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Jesus and the violence of the era

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  • Gordon Raynal
    To all, Just got my AAR/SBL catalog and have hardly had time to look at it... but I note that at the event AAR is having a session with Gandhi s grandson, Hans
    Message 1 of 2 , Sep 12, 2002
      To all,

      Just got my AAR/SBL catalog and have hardly had time to look at it... but I
      note that at the event AAR is having a session with Gandhi's grandson, Hans
      Kung is going to talk about international political paradigms... more
      related to our interests... the first session of the Jesus group is devoted
      to Jesus and violence and Dick Horsely among others has papers... and for a
      real dose of fun... check out the AAR movie section. A must see is surely
      "Jesus Christ Vampire Hunter" (see page 23)!

      back to the bit about Jesus' death... and the ways of that era... yes,
      Josephus notes "trials," but also notes such as Archelaus' troops killing
      3000 "rioters" at Passover time in Jesus' youth... not long afterwards
      Varus' troops crucifying 2000... and onward to "kindly" Pilate... his plan
      to have his troops infiltrate and kill protesters after the "busts"
      incident. The "trials" in the kerygma are clearly theologically designed
      and written. Perhaps there could have been one. But we have NO other
      evidence for this outside the kerygmatic writings. So perhaps. But I
      seriously doubt it.

      Gordon Raynal
      Inman, SC
    • Brian Trafford
      ... I still do not see the relevance of appealing to examples from wartime and open rebellion against the power of Rome. No one is arguing that the Romans
      Message 2 of 2 , Sep 12, 2002
        --- In crosstalk2@y..., "Gordon Raynal" <scudi1@c...> wrote:
        >Josephus notes "trials," but also notes such as Archelaus' troops
        >killing 3000 "rioters" at Passover time in Jesus' youth... not long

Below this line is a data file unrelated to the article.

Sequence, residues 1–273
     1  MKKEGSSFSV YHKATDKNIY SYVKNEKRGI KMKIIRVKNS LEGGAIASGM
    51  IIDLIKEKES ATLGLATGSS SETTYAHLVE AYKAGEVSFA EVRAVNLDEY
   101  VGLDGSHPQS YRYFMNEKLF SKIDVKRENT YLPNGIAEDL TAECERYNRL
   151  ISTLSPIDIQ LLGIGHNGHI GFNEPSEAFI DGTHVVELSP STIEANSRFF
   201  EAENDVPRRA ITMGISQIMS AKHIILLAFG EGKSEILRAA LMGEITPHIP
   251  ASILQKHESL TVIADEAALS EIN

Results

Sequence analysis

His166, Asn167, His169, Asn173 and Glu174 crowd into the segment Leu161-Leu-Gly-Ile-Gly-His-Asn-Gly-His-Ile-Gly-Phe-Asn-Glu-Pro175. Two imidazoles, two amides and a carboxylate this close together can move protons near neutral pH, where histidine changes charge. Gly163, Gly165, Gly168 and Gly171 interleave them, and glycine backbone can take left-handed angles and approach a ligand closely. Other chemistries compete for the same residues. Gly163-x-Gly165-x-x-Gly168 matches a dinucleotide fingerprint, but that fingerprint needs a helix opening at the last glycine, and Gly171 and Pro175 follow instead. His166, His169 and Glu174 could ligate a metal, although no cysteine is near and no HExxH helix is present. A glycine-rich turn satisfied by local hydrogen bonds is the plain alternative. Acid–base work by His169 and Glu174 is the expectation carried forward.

>afterwards Varus' troops crucifying 2000...

        I still do not see the relevance of appealing to examples from
        wartime and open rebellion against the power of Rome. No one is
        arguing that the Romans were "warm and fuzzy" in their treatment of
        their subjects, but they did also demonstrate on many occasions that
        they could act in a manner that was sensitive to the local
        authorities. So again I ask, why doubt that Jewish authorities
        played a role in Jesus' death? It is not an extraordinary, or
        otherwise implausible report, and it lines up with all of the
        positive evidence we have as to how the Romans behaved in such
        matters during such periods of relative peace and tranquility.

        >and onward to "kindly" Pilate... his plan to have his troops
        >infiltrate and kill protesters after the "busts" incident.

        I am unsure why this is relevant to the discussion. Pilate also was
        forced to back down by the locals over the matter of hanging symbols
        of Roman power in the Temple. What does this point, or yours, have
        to do with the topic at hand?

        >The "trials" in the kerygma are clearly theologically designed and
        >written.

        So? The Gospel of Peter had a clear theological agenda, and absolves
        the Romans of all guilt in this matter, laying all of the blame
        (absurdly) on the Jews directly. Paul has a theological agenda, and
        mentions the circumstances of either Roman or Jewish involvement only
        in passing in his undisputed letters, and no more than once in the
        pseudonymous ones. Are we to dismiss all evidence that has a motive
        behind it? That would leave us with quite a paucity of historical
        evidence wouldn't you say? ;^)

        >Perhaps there could have been one. But we have NO other evidence
        >for this outside the kerygmatic writings. So perhaps. But I
        >seriously doubt it.

        Why?

        Peace,

        Brian Trafford
        Calgary, AB, Canada
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